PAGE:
History buffs and nature lovers can easily find a mutual interest in visiting the South Florida Museum in Bradenton, FL. This cultural venue is one of the biggest attractions in Manatee County and a feast for the eyes of anyone who is passionate about archaeology, natural sciences, and astronomy.
If you are traveling on the Florida Gulf Coast, you surely need to make a stop at the South Florida Museum and visit the permanent galleries as well as the temporary exhibits. Here are some interesting facts about the attractions at one of the most important natural history museums in the Southern states!
A brief history of the South Florida Museum
The present-day museum was founded in 1946 by community leaders as a collection of artifacts, photographs, and documents that celebrated the scientific and cultural history of southwest Florida and Manatee County. For almost two decades it served as an educational center for students from all over the state who could take part in learning activities and field trips organized by the facility.
The South Florida Museum expanded in 1966 by adding an aquarium pool as well as a Spanish Courtyard and planetarium to its premises. In 1980, it hosted a life-size replica of Hernando DeSoto’s home in Barcarrota, Spain, which became a permanent exhibit. Later additions include additional art galleries, a bronze sculpture of DeSoto and a large outdoor fountain.
In 2001 a fire destroyed the planetarium and one of the museum’s main wings that hosted the educational center and the administrative offices. Rehabilitation works followed and continued until 2006 when the museum added new galleries, a new storage room, and additional exhibits.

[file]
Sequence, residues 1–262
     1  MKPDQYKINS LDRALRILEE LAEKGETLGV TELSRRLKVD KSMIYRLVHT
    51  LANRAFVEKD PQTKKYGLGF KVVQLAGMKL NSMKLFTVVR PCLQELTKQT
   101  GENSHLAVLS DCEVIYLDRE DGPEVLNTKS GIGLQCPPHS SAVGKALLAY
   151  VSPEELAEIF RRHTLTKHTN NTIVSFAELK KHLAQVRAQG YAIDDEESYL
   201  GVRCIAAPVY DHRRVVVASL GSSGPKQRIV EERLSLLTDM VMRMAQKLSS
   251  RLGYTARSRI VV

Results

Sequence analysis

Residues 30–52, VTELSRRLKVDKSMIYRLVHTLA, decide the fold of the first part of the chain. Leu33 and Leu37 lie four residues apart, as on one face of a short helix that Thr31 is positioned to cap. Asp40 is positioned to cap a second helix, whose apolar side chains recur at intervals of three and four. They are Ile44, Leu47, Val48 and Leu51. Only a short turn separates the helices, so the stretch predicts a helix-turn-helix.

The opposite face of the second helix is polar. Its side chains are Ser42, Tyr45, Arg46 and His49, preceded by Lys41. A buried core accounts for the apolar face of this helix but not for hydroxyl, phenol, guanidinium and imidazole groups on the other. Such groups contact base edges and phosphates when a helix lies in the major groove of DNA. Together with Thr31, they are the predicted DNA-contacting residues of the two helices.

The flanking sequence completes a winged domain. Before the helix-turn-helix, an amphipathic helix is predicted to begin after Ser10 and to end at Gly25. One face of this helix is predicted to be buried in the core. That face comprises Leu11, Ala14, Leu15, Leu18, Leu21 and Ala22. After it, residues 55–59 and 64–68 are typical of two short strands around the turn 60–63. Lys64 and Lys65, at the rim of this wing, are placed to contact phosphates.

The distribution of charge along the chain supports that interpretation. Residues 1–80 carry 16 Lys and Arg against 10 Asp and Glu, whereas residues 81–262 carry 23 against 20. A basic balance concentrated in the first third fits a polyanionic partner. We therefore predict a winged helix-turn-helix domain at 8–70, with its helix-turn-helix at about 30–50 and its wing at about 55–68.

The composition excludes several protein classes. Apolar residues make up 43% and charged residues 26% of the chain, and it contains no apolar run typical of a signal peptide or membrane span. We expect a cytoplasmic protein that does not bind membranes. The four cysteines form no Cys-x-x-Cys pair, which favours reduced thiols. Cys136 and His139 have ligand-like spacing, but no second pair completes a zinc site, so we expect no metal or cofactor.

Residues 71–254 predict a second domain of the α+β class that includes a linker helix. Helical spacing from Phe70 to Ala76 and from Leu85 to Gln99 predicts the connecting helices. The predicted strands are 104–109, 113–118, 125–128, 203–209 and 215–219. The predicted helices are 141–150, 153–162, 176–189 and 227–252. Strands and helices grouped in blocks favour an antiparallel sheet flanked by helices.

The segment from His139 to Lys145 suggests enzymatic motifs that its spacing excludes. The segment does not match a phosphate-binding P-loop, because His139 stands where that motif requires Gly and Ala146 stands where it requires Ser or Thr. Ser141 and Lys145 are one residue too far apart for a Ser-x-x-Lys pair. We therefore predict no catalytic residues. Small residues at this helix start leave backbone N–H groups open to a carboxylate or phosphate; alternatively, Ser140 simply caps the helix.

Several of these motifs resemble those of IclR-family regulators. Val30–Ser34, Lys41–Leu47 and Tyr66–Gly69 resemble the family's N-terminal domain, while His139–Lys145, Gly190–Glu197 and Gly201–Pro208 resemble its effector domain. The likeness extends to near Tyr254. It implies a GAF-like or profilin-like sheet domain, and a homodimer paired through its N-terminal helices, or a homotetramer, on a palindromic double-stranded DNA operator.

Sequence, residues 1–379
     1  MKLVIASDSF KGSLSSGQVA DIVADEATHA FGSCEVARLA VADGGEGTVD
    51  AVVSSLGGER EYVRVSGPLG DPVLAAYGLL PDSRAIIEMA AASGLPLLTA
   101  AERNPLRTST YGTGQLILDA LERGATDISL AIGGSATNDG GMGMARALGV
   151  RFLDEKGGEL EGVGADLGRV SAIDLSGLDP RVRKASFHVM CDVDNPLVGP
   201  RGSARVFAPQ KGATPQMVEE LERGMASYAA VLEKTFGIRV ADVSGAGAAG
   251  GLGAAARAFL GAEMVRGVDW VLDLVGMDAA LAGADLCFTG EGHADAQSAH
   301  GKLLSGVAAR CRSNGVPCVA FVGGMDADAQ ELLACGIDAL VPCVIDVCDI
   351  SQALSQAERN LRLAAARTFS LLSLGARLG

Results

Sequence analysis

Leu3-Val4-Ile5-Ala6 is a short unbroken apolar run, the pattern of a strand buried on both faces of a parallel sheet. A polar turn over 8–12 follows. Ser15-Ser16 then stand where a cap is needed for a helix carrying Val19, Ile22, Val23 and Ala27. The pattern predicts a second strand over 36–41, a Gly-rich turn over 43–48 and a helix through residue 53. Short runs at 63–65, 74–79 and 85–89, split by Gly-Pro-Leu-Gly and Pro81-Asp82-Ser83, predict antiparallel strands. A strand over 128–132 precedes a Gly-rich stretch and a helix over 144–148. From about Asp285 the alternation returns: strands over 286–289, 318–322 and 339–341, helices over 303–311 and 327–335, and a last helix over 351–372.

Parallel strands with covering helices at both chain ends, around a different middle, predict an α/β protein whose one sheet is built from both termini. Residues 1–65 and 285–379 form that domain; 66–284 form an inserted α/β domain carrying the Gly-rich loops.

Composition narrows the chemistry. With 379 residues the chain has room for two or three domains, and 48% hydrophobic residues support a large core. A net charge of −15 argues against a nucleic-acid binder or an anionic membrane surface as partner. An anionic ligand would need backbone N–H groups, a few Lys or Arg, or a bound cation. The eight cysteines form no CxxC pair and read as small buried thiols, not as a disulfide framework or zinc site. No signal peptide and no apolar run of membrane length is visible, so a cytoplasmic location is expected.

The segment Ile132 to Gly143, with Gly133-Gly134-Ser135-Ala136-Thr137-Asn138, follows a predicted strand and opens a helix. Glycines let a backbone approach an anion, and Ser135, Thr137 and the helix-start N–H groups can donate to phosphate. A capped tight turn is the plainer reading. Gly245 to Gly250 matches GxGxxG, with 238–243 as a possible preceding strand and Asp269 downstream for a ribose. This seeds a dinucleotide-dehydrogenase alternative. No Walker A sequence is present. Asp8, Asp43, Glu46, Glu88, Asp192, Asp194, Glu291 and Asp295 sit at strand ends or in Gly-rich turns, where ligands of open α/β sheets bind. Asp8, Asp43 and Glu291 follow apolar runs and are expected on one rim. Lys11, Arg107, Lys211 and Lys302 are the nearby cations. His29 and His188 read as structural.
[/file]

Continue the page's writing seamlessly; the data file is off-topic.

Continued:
The Tallant Collection
One of the most important people in the history of the South Florida Museum is Montague Tallant, who helped with the initial establishment of the scientific and history center.
The furniture store owner was a native of Bradenton, FL and he dedicated most of his life to acquiring aboriginal pottery, stone and shell tools from the early Spanish exploration and settlement of present-day Florida. His efforts helped the museum build a large collection of exhibits that you can now admire in the wing dedicated to the rich history of the state.
The Bishop Planetarium
Another important local figure that helped with the development of the South Florida Museum is W.D. Sugg who proposed and financed the construction of a planetarium in 1966. His vision of a large astronomy study center that also included an auditorium came into effect in the following years. The 2001 fire destroyed most of it, but the $4.5 million renovations that ended in 2005 reestablished the spectacular attraction.
The Parker Manatee Aquarium
The South Florida Museum is home to a sanctuary and a learning center dedicated to manatees – the much beloved marine animal that gives its name to the nearby river and the entire county. Visitors can discover more about this mysterious species and even witness the behavior of the three manatees that live on the premises.